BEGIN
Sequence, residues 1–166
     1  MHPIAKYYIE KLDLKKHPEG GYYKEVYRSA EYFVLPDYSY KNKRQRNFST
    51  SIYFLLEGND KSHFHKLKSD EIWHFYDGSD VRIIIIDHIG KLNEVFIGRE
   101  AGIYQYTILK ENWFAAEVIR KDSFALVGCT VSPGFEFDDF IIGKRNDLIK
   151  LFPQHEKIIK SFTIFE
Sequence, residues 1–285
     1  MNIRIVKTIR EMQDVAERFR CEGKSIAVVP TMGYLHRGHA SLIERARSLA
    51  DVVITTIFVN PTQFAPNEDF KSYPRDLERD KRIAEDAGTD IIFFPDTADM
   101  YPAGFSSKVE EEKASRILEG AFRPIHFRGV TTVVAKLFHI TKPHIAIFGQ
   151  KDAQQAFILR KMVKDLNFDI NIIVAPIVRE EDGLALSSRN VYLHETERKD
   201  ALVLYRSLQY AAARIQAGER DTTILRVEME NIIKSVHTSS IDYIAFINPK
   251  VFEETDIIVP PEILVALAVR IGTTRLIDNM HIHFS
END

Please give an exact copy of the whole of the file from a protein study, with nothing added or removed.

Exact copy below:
Sequence, residues 1–166
     1  MHPIAKYYIE KLDLKKHPEG GYYKEVYRSA EYFVLPDYSY KNKRQRNFST
    51  SIYFLLEGND KSHFHKLKSD EIWHFYDGSD VRIIIIDHIG KLNEVFIGRE
   101  AGIYQYTILK ENWFAAEVIR KDSFALVGCT VSPGFEFDDF IIGKRNDLIK
   151  LFPQHEKIIK SFTIFE
Sequence, residues 1–285
     1  MNIRIVKTIR EMQDVAERFR CEGKSIAVVP TMGYLHRGHA SLIERARSLA
    51  DVVITTIFVN PTQFAPNEDF KSYPRDLERD KRIAEDAGTD IIFFPDTADM
   101  YPAGFSSKVE EEKASRILEG AFRPIHFRGV TTVVAKLFHI TKPHIAIFGQ
   151  KDAQQAFILR KMVKDLNFDI NIIVAPIVRE EDGLALSSRN VYLHETERKD
   201  ALVLYRSLQY AAARIQAGER DTTILRVEME NIIKSVHTSS IDYIAFINPK
   251  VFEETDIIVP PEILVALAVR IGTTRLIDNM HIHFS